You order a 20ml/kg normal saline bolus in addition to a VBG, CBC and CMP due to the patient’s poor po intake. A VBG returns while the patient is taken for her abdominal x-ray with the following values:

Whole Blood Sodium134 mmol/L  LOW
Whole Blood Potassium4.7 mmol/L
Ionized Calcium1.10 mmol/L  LOW
pH, Venous7.318  LOW
pCO2, Venous43.5 mmHg
pO2, Venous9.7 mmHg  LOW
Hematocrit, POCT14 % PCV  LOW
HCO3, Venous22.3 mmol/L
Total CO2, Venous23.6 mmol/L
Base Deficit, Venous3
Oxygen Saturation, Venous8.1 %  LOW
Hemoglobin, POCT4.8 gm/dL  LOW
Lactate Result (POCT)2.07 mmol/L

Your patient returns from x-ray. You receive a call from the Radiologist with a preliminary read. She tells you that there is a “mass effect in left hemiabdomen” and the differential includes retroperitoneal hematoma, renal hematoma, splenic hematoma, or a large stomach.  She is recommending a CT for further evaluation.

You call to Hematology at the Children’s hospital who recommends a blood transfusion and the following labs before transfusion: Retic count, DAT, LDH, Haptoglobin, Hgb Electrophoresis, Iron Studies (Total iron, TIBC, Ferritin, Type and Screen). The majority of these labs cannot be done at this hospital. You decide to transfer this patient immediately. You speak with the transferring physician and make a joint decision to transfer the patient for a trauma evaluation. The patient’s labs return while awaiting transfer:

CBC: WBC 13.3 (neut 733.1, lymph 8.2%), Hgb 4.6, Hct 14.1, Plt 137

CMP: Na 127, K 5.0, Cl 99, HCO3 34, BUN 17, Cr 0.5, Glu 136, Ca 7.6, Albumin 3.0, AST 38, ALT 6, Alk Phos 99; Lipase: 20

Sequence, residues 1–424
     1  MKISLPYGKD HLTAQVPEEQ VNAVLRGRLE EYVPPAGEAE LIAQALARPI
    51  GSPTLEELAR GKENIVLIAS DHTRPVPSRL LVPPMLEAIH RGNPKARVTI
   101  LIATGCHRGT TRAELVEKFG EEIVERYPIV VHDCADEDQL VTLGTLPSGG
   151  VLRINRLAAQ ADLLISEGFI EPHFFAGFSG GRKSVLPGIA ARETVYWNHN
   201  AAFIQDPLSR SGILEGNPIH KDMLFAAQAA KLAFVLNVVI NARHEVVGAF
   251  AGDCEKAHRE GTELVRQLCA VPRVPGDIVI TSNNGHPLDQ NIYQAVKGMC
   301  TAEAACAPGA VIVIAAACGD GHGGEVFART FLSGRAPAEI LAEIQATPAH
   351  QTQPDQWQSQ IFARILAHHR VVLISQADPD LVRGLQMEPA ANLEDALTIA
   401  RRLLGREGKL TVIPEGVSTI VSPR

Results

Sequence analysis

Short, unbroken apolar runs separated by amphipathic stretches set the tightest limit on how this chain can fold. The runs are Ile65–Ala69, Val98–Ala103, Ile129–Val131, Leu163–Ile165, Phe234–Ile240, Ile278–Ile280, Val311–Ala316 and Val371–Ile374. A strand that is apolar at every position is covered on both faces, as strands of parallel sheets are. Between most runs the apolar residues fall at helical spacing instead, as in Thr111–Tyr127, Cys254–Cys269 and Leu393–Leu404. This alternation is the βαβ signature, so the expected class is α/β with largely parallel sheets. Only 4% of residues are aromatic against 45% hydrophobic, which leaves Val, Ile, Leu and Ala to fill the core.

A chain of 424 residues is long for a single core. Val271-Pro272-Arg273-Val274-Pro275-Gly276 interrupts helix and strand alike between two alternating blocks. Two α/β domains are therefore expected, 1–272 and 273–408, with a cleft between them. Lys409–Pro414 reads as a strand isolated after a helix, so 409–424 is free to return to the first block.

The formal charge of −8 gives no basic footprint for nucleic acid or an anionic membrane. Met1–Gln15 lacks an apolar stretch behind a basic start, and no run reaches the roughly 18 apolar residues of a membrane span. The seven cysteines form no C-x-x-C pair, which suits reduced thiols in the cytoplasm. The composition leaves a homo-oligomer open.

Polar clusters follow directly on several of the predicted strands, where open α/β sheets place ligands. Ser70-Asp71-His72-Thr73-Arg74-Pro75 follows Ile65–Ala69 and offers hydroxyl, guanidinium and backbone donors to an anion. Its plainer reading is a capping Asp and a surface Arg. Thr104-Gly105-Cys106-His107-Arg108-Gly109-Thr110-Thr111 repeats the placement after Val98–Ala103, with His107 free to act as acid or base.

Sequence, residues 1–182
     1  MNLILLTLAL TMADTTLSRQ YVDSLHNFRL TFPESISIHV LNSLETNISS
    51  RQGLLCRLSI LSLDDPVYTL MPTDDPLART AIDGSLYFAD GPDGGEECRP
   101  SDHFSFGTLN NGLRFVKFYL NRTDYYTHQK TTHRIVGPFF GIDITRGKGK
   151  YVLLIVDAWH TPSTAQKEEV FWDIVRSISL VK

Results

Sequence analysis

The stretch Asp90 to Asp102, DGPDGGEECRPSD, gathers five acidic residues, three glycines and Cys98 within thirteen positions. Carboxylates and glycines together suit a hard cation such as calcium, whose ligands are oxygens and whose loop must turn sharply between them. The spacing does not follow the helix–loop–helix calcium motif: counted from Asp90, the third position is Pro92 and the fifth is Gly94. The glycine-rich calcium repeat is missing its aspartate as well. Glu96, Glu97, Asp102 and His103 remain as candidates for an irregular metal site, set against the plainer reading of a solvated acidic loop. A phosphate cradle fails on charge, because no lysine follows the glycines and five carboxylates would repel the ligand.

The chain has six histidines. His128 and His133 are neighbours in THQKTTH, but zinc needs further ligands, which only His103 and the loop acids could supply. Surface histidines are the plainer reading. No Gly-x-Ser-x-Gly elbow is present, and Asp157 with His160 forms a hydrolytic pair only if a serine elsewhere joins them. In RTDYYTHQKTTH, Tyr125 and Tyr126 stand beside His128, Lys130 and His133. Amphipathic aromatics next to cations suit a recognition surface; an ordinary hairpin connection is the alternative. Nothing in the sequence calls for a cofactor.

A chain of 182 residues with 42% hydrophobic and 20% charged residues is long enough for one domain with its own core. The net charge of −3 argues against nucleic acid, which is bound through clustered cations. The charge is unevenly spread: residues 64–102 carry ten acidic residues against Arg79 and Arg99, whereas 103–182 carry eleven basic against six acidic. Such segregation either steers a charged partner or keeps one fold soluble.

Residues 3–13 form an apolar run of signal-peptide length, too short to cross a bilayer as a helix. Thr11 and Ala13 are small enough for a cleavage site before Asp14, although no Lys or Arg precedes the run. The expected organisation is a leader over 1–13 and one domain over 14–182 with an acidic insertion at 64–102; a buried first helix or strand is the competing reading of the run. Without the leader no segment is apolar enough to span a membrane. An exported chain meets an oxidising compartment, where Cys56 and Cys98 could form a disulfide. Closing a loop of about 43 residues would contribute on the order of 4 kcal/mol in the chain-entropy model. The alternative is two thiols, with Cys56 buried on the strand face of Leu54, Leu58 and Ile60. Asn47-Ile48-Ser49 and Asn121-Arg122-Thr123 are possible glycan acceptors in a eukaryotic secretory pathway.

The patient is transferred to the children’s hospital for a trauma evaluation. Her primary survey was normal except for GCS of 14 due to confusion/inappropriate words. Her secondary survey only revealed a large LUQ mass that was tender to palpation and tachycardia. She received a 5 cc/kg transfusion of PRBCs in the trauma bay before proceeding to CT of the abdomen.

The CT abdomen showed a large left abdominal mass originating from the left kidney with ruptured capsule and subacute intra-peritoneal bleeding.

The information in these cases has been changed to protect patient identity and confidentiality. The images are only provided for educational purposes and members agree not to download them, share them, or otherwise use them for any other purpose.

2 thoughts on “Hot Seat #163: 3 year old female with constipation

  1. The evaluation of gross hematuria s/p intrabdominal trauma warrants diagnostic imaging (CT preferred). One of the well-known presentations of a renal tumor is traumatic hematuria, even after mild trauma. It’s unfortunate that the pediatrician did not refer/obtain imaging or palpate the likely present intraabdominal mass.

  2. The evaluation of gross hematuria s/p intrabdominal trauma warrants diagnostic imaging (CT preferred). One of the well-known presentations of a renal tumor is traumatic hematuria, even after mild trauma. It’s unfortunate that the primary pediatrician did not refer/obtain imaging nor pick-up on the likely present intraabdominal mass.